The Princess and the Frog

by Leonard Maltin
December 12, 2009 4:38 AM
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The filmmakers who helped usher in the renaissance of Disney animation twenty years ago with The Little Mermaid have done it again with The Princess and the Frog. Here is a tuneful, entertaining, great-looking, hip, funny animated feature destined to the capture the hearts of young fans and Disney aficionados alike. All the right...

ingredients are here: a heroine we can relate to and root for, an unlikely hero who has to prove himself, an oily villain, a colorful array of supporting characters, magnificent production design, and a rousing musical score by Randy Newman. Every musical number is treated in a different style, giving the film a wide variety of visual motifs, from art deco to high-style voodoo.

Writer-directors John Musker and Ron Clements have always managed to strike a balance between fidelity to Disney fairy-tale storytelling and wild irreverence. The heroine, Tiana, is played straight, but the hero, Naveen, who spends much of the movie in the form of a frog, is a pampered prince with an outsized ego. His steady stream of wisecracks make him endearing and fun—and the first Disney prince to have a sense of humor. The verbal and visual gags that pepper the film run the gamut from broad slapstick to clever “inside” jokes...and best of all, the film never stops moving. (I suppose one could adapt this as a Broadway musical, but it would be difficult for even the most imaginative stage director to duplicate the kinetic force that propels this movie from its opening scene onward. Even a crucial scene of story exposition between Tiana and Naveen is played as the characters—now frogs—leap and dart through the swamp.)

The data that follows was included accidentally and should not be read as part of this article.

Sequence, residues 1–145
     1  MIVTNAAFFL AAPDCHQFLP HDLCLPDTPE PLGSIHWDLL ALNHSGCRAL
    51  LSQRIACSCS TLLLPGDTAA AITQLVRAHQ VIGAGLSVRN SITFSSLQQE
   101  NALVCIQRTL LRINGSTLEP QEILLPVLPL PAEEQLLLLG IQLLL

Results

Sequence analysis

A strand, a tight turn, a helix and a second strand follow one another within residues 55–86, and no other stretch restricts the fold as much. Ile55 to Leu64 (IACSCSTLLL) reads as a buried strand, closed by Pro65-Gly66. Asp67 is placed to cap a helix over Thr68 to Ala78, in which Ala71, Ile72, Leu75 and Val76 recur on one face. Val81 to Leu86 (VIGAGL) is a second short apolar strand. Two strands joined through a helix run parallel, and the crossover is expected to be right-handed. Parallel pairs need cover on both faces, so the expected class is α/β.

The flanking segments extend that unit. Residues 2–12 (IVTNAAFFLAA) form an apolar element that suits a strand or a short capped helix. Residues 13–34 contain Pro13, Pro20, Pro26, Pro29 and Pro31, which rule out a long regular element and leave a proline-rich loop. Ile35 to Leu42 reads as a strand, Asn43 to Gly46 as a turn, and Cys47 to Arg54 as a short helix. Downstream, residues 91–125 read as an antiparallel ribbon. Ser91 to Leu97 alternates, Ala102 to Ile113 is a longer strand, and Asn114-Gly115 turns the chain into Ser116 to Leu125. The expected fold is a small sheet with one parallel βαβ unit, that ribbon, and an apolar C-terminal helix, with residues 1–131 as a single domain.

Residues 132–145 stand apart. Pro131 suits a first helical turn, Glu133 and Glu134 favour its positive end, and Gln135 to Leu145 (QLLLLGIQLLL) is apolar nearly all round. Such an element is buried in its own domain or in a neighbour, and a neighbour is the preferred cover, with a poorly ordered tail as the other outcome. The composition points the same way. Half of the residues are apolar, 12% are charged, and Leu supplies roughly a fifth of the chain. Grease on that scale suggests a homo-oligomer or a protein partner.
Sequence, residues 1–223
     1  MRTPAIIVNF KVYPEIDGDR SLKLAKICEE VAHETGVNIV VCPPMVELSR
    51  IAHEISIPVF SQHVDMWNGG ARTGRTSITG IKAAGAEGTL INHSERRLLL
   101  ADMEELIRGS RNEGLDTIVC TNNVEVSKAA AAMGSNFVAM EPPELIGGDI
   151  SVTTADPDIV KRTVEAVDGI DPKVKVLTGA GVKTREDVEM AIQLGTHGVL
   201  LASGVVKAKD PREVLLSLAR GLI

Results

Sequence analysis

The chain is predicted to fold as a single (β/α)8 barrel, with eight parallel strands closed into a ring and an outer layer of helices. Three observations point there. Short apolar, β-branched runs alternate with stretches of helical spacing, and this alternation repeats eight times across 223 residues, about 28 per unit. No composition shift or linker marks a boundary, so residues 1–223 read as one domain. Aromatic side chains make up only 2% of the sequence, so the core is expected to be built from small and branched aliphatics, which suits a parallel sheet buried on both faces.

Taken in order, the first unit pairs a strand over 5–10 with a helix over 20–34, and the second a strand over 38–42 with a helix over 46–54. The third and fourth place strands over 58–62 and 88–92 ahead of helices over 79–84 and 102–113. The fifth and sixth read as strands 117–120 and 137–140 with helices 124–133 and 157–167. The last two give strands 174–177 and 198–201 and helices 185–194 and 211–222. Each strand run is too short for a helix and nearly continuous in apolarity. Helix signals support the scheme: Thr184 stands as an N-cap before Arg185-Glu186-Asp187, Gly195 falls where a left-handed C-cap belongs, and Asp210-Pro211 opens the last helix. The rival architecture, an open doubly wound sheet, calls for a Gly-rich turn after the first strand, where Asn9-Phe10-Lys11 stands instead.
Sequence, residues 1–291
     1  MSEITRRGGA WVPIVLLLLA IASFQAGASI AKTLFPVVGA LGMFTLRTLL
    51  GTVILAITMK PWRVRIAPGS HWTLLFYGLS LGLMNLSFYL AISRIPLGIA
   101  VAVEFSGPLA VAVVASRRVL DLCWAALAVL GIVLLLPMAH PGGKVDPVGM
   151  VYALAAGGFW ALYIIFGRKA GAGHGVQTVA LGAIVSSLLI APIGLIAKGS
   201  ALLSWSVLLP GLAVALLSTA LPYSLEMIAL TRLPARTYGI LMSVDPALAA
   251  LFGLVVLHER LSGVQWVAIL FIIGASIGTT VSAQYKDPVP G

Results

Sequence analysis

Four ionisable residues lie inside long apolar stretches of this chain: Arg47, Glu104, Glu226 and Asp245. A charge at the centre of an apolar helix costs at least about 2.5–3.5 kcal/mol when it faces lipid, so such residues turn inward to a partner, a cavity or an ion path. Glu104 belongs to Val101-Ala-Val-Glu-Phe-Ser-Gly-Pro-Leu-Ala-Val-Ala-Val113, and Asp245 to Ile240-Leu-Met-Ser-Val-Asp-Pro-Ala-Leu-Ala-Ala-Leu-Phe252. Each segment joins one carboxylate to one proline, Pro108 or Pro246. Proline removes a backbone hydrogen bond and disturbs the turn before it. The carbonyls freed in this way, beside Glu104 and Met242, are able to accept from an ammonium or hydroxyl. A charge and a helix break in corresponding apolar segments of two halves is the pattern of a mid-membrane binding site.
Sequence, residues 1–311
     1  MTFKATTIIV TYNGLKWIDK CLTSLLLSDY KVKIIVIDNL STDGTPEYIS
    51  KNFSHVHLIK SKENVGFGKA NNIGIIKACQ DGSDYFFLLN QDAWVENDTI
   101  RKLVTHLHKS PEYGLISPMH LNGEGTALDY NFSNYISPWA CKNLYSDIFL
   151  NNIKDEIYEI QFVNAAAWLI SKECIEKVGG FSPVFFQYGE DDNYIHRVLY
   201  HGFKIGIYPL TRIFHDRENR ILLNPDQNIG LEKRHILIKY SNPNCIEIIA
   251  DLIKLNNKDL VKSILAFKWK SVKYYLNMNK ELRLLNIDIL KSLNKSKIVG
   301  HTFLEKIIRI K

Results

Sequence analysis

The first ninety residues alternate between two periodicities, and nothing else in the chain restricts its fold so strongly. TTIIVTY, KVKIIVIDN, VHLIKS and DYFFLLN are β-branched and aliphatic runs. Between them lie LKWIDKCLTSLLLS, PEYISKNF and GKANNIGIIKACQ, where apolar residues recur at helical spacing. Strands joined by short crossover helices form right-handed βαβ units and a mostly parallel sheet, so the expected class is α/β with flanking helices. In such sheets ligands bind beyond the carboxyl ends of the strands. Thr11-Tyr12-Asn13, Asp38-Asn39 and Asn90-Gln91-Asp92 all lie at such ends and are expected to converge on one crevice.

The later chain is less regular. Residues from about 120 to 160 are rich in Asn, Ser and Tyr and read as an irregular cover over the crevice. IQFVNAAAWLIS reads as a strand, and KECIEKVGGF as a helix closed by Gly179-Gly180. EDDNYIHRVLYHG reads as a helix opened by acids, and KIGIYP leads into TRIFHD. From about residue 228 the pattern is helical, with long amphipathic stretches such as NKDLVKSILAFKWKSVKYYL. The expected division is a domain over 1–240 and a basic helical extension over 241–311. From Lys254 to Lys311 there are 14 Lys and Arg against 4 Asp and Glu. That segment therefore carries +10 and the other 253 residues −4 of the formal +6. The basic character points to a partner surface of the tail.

It was John Lasseter—who made computer-generated animation acceptable to a wide audience with Toy Story—who insisted that Disney rehire Musker and Clements and allow them to make a 2-D feature. That meant they had to reassemble a team that was capable of working with pencil and paper (as well as computers) to recapture the look and feel of a traditional Disney cartoon feature, and they’ve done themselves proud. This film represents the work of some of the finest character animators alive, along with an army of talented artists. The voice work is first-rate, with special kudos to Brazilian-born Bruno Campos, who adds zest to the role of Prince Naveen, and Disney veteran Jim Cummings (the longtime voice of Winnie the Pooh) as the Cajun firefly named Ray.

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